Graeco-Roman Marble Head of a Veiled Woman (a Nurse)
Greek · 1st Century B.C. - 1st Century A.D.
H: 24.5 cm
This figure is identifiable as a servant, probably as a nurse, but her features are modeled in an elegant, refined manner: everything is realistic. This representation is a wonderful image of feminine old age. It is necessary to emphasize the excellent artistic quality of this piece, with a very fine sense of three-dimensionality about the face and the folds created by the veil on the neck.
The bust, carved from a beautiful marble with a smooth polished surface, seems to have been part of a Roman sarcophagus: the asymmetry of the face is partially explained by the fact that the woman would have been seen in three-quarters. The neck cranes forward slightly, as if her back was rounded, and the numerous wrinkles of the skin, that cover her face and neck, indicate the extreme age of this figure; she wears a thick fabric tunic while a veil covers her head that, falling just to her neck, nearly completely covers her hair.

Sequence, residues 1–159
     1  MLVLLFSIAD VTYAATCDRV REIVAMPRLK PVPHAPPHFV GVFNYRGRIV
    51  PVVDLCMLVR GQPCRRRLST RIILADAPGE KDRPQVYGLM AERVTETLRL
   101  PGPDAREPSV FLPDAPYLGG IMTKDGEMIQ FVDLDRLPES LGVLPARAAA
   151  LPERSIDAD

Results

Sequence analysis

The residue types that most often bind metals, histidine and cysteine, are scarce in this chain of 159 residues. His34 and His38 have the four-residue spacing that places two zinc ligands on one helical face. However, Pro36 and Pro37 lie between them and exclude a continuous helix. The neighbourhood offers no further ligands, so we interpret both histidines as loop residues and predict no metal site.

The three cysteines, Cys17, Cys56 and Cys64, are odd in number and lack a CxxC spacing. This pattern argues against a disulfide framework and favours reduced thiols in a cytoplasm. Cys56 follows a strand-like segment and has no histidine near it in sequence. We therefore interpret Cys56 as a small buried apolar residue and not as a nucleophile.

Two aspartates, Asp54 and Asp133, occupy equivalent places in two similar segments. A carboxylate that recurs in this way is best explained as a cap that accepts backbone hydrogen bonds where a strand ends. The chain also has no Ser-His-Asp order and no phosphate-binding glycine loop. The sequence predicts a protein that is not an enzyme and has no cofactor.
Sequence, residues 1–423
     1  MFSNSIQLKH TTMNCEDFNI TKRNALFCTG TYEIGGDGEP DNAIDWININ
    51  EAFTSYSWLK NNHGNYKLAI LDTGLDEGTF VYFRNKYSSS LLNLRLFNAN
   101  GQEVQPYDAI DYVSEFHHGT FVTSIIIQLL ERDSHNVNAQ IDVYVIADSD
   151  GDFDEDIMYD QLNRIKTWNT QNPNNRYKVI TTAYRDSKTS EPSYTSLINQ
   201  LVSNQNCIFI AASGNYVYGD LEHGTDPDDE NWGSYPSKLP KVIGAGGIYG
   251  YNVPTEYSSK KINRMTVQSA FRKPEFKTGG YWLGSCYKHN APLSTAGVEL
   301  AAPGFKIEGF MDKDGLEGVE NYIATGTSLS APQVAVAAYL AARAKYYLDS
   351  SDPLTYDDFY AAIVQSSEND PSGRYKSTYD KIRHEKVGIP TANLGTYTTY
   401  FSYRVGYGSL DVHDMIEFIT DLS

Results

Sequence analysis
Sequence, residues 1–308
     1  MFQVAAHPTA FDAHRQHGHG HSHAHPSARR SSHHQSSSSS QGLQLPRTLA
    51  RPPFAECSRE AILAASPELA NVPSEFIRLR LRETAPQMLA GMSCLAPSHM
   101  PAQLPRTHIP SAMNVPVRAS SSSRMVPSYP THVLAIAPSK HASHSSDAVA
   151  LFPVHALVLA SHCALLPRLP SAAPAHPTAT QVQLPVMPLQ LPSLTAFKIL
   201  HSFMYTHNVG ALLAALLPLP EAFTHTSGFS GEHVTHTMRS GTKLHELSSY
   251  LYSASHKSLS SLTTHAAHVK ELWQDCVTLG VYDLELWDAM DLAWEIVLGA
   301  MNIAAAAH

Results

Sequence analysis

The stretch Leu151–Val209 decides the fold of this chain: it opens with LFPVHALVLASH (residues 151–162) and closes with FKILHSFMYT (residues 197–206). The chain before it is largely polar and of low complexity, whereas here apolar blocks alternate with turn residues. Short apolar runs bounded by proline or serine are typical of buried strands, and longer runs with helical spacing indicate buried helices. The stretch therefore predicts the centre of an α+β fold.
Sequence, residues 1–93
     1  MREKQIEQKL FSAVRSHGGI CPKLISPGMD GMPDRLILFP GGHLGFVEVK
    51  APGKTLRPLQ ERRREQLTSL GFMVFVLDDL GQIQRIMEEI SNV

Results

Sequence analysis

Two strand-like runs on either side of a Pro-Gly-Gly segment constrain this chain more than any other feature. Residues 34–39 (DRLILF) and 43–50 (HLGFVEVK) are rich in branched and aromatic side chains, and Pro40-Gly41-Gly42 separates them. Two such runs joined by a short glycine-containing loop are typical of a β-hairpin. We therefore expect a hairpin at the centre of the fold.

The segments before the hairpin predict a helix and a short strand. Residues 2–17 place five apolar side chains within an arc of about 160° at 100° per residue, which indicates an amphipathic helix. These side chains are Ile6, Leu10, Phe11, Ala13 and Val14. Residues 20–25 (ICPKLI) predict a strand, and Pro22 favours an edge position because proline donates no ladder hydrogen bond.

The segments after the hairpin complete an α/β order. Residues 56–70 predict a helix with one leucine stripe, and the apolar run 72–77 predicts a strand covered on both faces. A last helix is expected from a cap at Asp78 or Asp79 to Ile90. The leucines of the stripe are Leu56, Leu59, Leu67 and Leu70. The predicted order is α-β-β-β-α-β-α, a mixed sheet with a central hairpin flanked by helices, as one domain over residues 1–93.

This head can be compared to images of nurses sculpted on Roman sarcophagi, for example like those representing the saga of Medea or Niobe.
Art market, prior to 2001;
Sotheby’s, New York, 12 June 2001, lot 33
On nurses, see:
SCHULTZE B., Ammen und Pädagogen, Sklavinnen und Sklaven als Erzieher in der antiken Kunst und Gesellschaft, Mayence/Rhin, 1998.
VILATTE S., La nourrice grecque in L’Antiquité classique, 60, 1991, pp. 5-28.
On the iconography of old women, see:
ZANKER P., Die trunkene Alte, Das Lachen der Verhöhnten, Francfort, 1989.
Die Antikensammlung im Pergamonmuseum und in Charlottenburg, Staatliche Museen zu Berlin, Mayence/Rhin, 1992, pp. 232-233, n. 119.
For the sarcophagi with the saga or Medea or Niobe, see:
Lexicon Iconographicum Mythologiae Classicae (LIMC), vol. VII, Zurich, 1994, s.v. Medea, p. 393, n. 50-61; s.v. Niobe pp. 908 ss.